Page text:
Act I. A sparsely furnished but clean room at the Fingerhuts on the eve of Sofia Fingerhut’s wedding. Sofia, upon seeing her wedding gown, remarks, “A wedding dress! A dress you try on joyfully, put on tearfully, and take off fearfully.” Her apprehension mounts when she sees her groom, photographer Boris Stavropolsky, courting her younger sister Lise. Guests arrive, among them Cherna’s brother Shtempl, a wealthy fishmonger, and his daughter Manichka. Shtempl and Fingerhut argue, then settle down to a game of cards while Sofia’s girlfriends enter. The fathers fight over cards as well, so Boris takes out his guitar. Soon after he starts playing, Lise cries and runs out. Boris brings her back, and while the others try to calm Lise, Sofia declares, “You don’t know why she’s crying? I know. Lise is crying because she knows that tomorrow will not be my wedding day. She will not dance at my wedding.” Since Boris loves Lise, Sofia says will not stand in their way. When Boris tries to appease her, she further discloses that she is pregnant.

Act II. Five years later, in a room in Shtempl’s house, with a piano and expensive furniture, but decorated without taste. Manichka’s fiancé, Apollo Sonnenschein, has just returned to Odessa after years in St. Petersburg, and the Shtempls bring him up to date on the Fingerhuts: Sofia has a daughter (whom she calls her niece), and Lise is married to Boris, who has given up photography. Though Apollo at first refuses to play for the guests, he does play when Sofia arrives, and then escorts her home. The scene changes to an Odessa street at night. Boris with Tseyner, to whom he has just lost a lot of money. Boris expresses his undiminished ardor for Sofia. They exit; Sofia and Apollo enter. Apollo tells her that he no longer loves Manichka; the best he can hope for is to elevate her to his level. Back at the Fingerhuts’, Sofia refuses to answer her parents’ queries. She tells Boris to take Lise away and nurse her back to health. Left alone, Sofia consults a book of ancient history to clarify a remark Apollo made comparing her to Sappho. Legend holds that Sappho, in drowning herself, declared, “I give myself as an offering to the almighty Apollo, the god of beauty and poetry.” Apollo Sonnenschein arrives, and as Sofia wrestles with her emotions, a child’s voice summons her.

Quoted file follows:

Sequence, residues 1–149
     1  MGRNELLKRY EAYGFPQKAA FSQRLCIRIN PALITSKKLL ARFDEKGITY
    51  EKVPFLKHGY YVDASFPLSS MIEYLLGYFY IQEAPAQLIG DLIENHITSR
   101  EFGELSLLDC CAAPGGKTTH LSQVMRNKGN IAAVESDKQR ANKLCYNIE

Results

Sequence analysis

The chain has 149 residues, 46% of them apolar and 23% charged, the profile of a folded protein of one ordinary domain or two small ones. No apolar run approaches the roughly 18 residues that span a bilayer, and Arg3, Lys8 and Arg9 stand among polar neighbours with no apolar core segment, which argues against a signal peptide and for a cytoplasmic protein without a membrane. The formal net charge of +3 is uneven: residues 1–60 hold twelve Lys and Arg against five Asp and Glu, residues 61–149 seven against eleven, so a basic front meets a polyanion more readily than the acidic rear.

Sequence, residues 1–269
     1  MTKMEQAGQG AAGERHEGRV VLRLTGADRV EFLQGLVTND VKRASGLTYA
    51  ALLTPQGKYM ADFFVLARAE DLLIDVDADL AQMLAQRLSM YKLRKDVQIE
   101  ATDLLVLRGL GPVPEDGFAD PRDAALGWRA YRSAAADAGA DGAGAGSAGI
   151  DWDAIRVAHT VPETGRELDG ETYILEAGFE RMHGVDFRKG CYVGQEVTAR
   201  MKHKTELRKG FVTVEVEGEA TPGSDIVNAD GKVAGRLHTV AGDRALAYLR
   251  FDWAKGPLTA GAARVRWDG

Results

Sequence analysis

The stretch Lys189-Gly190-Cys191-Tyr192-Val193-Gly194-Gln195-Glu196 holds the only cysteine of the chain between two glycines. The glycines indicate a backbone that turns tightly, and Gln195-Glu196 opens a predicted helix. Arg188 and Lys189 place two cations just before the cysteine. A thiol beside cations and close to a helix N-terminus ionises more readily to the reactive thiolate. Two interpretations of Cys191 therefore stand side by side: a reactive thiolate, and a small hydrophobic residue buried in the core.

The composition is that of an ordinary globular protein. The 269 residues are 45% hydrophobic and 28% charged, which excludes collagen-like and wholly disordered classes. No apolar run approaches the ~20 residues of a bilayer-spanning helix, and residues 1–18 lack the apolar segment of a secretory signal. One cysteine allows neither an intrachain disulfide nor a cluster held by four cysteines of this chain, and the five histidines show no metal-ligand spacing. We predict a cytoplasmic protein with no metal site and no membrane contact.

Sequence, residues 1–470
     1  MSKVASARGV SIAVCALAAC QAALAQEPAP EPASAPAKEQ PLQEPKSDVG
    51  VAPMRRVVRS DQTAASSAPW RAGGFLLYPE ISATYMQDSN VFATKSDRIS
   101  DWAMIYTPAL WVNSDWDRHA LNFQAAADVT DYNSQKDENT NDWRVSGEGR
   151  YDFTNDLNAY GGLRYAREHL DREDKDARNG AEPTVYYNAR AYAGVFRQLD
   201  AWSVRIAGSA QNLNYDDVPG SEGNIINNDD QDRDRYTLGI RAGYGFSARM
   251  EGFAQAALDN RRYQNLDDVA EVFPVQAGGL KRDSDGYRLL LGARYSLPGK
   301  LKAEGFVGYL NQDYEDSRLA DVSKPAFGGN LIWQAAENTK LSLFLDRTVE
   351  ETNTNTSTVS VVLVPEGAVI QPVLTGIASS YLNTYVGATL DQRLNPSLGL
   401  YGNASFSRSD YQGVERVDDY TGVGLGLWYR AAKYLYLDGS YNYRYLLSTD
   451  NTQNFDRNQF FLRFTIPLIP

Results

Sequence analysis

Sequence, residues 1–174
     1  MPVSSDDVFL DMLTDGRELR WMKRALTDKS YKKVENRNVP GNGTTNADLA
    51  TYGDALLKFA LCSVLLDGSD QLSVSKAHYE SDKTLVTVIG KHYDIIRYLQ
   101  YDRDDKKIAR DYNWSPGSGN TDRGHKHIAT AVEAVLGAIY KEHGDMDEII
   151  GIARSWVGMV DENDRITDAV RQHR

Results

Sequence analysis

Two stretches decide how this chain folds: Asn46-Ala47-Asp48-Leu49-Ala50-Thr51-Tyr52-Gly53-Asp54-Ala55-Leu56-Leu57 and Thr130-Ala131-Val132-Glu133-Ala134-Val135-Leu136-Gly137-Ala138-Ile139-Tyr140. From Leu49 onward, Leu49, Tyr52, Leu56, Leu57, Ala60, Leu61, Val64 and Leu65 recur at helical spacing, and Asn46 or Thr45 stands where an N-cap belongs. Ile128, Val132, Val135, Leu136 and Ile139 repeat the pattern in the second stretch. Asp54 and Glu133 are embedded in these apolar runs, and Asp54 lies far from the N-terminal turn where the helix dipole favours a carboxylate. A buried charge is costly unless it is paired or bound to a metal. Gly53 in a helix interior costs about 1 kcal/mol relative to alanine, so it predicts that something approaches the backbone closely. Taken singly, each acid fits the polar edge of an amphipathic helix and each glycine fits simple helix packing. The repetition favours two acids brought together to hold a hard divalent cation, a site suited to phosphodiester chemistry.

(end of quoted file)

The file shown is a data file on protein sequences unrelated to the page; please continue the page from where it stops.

Act III. A hut. Apollo has married Manichka, and taken Sofia as his mistress. Fingerhut introduces Tseyner to Sofia, hoping to get rich by having them marry. When Apollo arrives, Sofia’s seven year-old daughter, Zhenichka, who dislikes him, leaves. He tells Sofia of two Apollos: one who loves her recklessly, and the other who worries about his reputation. Boris arrives with the sad news that Lise has died. Manichka goes, and Apollo emerges to see Boris, Sofia, and the child comforting each other—a scene that brings out his hatred toward his rivals for Sofia’s affection. Fingerhut arrives, and when the Shtempls arrive to retrieve Apollo, the in-laws exchange insults. Apollo, appalled by the attention from curious neighbors, forsakes Sofia and goes home with his wife, as a brawl erupts among the remaining family members.

Act IV. Sofia’s room, as in Act II. Sofia and Zheni pack to resettle in Sevastopol. Boris apologizes for the past, then tells Sofia he still wants to be with her to heal her wounds and help raise Zheni, but she rejects the proposal. Shtempl and Manichka enter, imploring Sofia for a way to make Apollo come back to them. She has no such power, she says, and they leave. Apollo enters, pleading to go with her, or for her to stay. But this is too little too late; she insists that he must go back to his wife and child. Zheni and Boris return, and the child reveals that she has long known the identity of her mother and father. This changes the plans; Sofia will bring Boris along to make the family officially “legitimate,” and devote the rest of her life to her daughter.


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